Westfalia Fruit, the world’s leading integrated avocado farming and trading company, is pinning greater hopes on the rising consumption of avocado in the Indian market.

Ajay T.G, general manager of Westfalia Fruit, the South African based firm said avocado sales in India have doubled over the past two years and the trend is likely to continue in the current year. In 2021, India imported 1,000 tonnes of avocado, which doubled to 2,000 tonnes in 2022 and 4,000 tonnes in 2023. The figures of the first three months in the current year point to consumption doubling again to 8,000 tonnes this year. Over 50 per cent of avocado imports into India are by Westfalia, he said.

Ajay was in Kochi to launch the company’s Kerala trade of avocados through a tie-up with Kochi-based Aeden Fruits International.

The exotic fruit used to be imported into India from Peru, Chile and New Zealand by air, which had kept retail prices high owing to the steep airfreight. However, the sea transport has brought down the retail prices with imports are now being done from Kenya, Tanzania, South Africa, Brazil and Australia.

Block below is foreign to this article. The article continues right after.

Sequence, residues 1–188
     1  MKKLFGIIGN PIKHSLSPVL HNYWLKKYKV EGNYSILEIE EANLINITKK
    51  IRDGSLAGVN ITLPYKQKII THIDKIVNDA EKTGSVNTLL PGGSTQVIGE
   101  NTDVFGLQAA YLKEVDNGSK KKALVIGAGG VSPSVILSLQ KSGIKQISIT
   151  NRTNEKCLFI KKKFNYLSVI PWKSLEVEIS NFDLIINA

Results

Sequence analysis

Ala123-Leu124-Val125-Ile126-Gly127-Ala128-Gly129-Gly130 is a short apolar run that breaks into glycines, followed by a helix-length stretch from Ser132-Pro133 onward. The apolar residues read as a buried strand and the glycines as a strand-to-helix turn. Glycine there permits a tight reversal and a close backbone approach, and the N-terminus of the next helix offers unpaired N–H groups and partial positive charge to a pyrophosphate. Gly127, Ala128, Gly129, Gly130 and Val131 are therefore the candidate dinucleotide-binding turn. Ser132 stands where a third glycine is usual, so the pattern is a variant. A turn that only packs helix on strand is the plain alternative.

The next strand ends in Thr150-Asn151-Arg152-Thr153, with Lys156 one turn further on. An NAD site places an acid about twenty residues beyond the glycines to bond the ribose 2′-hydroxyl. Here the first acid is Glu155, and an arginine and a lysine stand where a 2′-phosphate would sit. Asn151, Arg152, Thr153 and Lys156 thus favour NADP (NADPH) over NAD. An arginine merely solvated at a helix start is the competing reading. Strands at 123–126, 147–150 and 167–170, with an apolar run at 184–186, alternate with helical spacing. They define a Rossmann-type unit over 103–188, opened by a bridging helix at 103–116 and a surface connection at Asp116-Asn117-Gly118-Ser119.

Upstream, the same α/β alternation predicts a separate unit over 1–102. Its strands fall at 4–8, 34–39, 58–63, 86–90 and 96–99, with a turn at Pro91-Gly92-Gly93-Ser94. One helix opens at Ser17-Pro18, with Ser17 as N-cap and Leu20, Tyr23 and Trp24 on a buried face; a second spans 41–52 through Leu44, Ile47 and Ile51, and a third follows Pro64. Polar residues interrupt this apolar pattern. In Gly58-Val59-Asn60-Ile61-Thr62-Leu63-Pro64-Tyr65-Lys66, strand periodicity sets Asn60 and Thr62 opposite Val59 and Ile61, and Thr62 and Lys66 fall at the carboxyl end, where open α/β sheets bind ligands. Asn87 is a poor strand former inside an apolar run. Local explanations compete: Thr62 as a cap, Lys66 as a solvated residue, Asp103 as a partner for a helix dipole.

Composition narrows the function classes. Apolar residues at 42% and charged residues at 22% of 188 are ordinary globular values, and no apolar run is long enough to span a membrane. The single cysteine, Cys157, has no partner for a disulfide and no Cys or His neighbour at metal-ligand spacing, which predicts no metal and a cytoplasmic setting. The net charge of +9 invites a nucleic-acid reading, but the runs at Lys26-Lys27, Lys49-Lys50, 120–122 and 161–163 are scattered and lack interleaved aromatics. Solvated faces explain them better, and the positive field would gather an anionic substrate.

According to Kamarudheen CH, managing director, Aeden Fruits, avocado has been a familiar fruit in Kerala owing to Keralites’ exposure to the European and Middle East markets where avocado consumption is high. The higher consumption of avocados in Kerala, which are normally priced upwards of ₹300, is a reflection of the purchasing power in the state.

Sumit Saran, representing the World Avocado Organisation in India said the health benefits of avocado were a significant factor in triggering a strong interest in the fruit in India. The Indian market is already using the fruit in a range of foods from ice cream and juices to chaats and pani puri.

Global growth of avocado sales have been in the range of 15-20 per cent annually, while in India it has grown many times faster at 100 per cent.

Reflecting the increasing consumption of avocado in the country, avocado plantations have also come up in different states including Kerala. At the moment the production in India was only enough for local consumption, Ajay said.